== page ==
Hoodoo Mountain Resort bills itself as a family-friendly ski area. Hayrick Butte, right next door, is decidedly antisocial.
Dark and forbidding, Hayrick looms over its neighbor like a citadel of stone covered in snow and pines. Its near-vertical walls give it the look of an impenetrable fortress, a castle to lay siege upon instead of attempting a direct attack.
Truth be told, I still plan to climb to the top of the butte. There's a geocache there, so it's definitely doable. But on Sunday, I wasn't nearly confident enough that the snow on its steep slopes would hold. So I decided on a four-mile circumnavigation of Hayrick Butte, hoping for some close-up reconnaissance that might reveal a weakness in its defenses.
I parked at the Ray Benson Sno-park, which shares access from U.S. Highway 20 with the ski resort. (Access to sno-parks in winter should never be assumed, as I learned Friday. My initial destination, Corbett Sno-park, is closed this winter because of vandalism, a history of low snow levels and budget shortfalls.)
Donning snowshoes, I set out alongside a snowmobile route, known as the Sand Mountain Loop. A mere 200 feet from the sno-park, I had to decide whether to circle Hayrick clockwise or counterclockwise.
It's probably a little easier to turn left on Sand Mountain Loop and go clockwise, so you can stick to the groomed snowmobile route clear to the other side of the butte. Turning right and going counterclockwise runs you into ungroomed backcountry conditions sooner. Eventually you'll hit the snowmobile road on the other side, but unless you're glued to your GPS, it's unlikely you'll hit the road right at its end point.
I had no great desire to spend my morning hiking on a road, so I opted to go counterclockwise, traversing above the tubing park and then skirting the boundary of the ski resort. In this direction the snowmobile road peters out within a half mile and I was soon making my way through a sparse forest on untrodden snow.
It's really impossible to get lost circling Hayrick. The butte is visible at all times through the forest. All you need to do is pin your shoulder to the butte and you'll end up back where you started.
Hayrick is considered one of the most perfect examples of a tuya, a type of volcano that forms when lava erupts underneath a glacier or ice sheet. The lava melts through to the surface and pools, creating a plateau with near-vertical walls. Hayrick has a flat top about a half mile across with 700-foot-high walls.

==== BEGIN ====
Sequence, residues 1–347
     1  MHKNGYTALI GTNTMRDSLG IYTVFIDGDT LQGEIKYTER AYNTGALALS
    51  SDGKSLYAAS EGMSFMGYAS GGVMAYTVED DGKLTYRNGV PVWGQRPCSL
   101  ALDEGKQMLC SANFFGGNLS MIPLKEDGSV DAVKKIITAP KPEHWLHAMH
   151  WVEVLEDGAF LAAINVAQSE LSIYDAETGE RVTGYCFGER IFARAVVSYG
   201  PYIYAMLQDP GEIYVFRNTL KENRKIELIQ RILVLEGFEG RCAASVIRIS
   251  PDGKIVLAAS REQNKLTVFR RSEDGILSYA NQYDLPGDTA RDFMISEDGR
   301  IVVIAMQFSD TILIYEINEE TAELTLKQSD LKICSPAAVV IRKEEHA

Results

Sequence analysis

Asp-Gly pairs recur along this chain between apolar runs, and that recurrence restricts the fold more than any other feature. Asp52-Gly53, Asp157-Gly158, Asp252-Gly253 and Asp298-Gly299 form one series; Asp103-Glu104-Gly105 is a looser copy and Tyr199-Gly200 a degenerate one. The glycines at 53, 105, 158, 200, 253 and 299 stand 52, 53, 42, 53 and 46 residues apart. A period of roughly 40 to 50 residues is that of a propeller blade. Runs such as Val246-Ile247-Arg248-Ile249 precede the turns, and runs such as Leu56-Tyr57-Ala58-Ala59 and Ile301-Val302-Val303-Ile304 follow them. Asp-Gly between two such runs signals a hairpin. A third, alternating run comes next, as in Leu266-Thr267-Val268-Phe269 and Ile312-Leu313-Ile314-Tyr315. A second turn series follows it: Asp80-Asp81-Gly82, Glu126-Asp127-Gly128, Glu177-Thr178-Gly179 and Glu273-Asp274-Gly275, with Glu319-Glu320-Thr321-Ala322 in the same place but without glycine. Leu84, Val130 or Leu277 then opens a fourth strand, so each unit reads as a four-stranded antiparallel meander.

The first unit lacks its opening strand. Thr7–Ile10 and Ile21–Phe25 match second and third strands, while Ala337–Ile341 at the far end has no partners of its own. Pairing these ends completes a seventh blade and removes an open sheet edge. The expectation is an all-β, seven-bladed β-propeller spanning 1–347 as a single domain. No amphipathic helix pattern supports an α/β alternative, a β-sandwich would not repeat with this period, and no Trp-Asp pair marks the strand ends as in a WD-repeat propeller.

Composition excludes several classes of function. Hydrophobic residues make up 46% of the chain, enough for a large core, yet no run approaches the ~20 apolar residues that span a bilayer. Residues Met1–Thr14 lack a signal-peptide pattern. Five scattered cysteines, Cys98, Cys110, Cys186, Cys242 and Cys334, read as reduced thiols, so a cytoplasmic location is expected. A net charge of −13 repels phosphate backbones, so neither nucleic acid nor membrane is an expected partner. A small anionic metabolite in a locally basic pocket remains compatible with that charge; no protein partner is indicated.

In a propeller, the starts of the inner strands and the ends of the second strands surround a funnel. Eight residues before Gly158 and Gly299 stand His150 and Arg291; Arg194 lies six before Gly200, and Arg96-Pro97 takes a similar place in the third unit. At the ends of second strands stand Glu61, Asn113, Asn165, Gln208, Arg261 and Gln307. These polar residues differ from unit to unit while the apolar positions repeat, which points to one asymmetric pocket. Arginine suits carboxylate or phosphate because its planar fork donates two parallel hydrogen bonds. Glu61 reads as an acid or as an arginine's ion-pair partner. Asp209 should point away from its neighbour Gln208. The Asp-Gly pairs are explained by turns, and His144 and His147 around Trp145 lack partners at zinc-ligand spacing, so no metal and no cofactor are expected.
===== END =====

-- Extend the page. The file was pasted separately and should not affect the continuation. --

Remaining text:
The snow was less than ideal for a snowshoe trip. There was a thin crust of hard snow over unconsolidated powder. Even with snowshoes on, I punched through the crust with nearly every step.
I headed for the gap between Hayrick and Hoodoo buttes, and once I had cleared the saddle, the slope began to drop away beneath my snowshoes. The walls on the southwestern side of Hayrick are less extreme, and as I circled around the backside, I could see an obvious route to the top of the butte.
But the top would have to wait for another day. I could also see areas where the snow on this side had slid, disturbingly right where snowmobilers had looped up and down the slope.
Around the southwestern side of the butte, I was definitely within the semicircle formed by the snowmobile roads. But sticking closer to the butte, I could circle through the trees instead.
I continued to pick my way through the forest, carefully avoiding the tree wells, lest a recovery team should have to pull my frozen body out by my snowshoes several days later. The crunch of the snow drowned out the whine of mosquitoes buzzing like 800cc go-karts on the flats below.
I tried to find the path of least resistance, avoiding climbing up any slopes if I could avoid it. Eventually that strategy pushed me down the Sand Mountain Loop again, probably about a half mile from the sno-park.
Soon signs of civilization began to intrude: a couple cross-country skiing, a half-buried road sign, and a trio of snowmobilers. As they passed, I breathed in my recommended daily allowance of heavy metals and knew why I had avoided the road most of the way.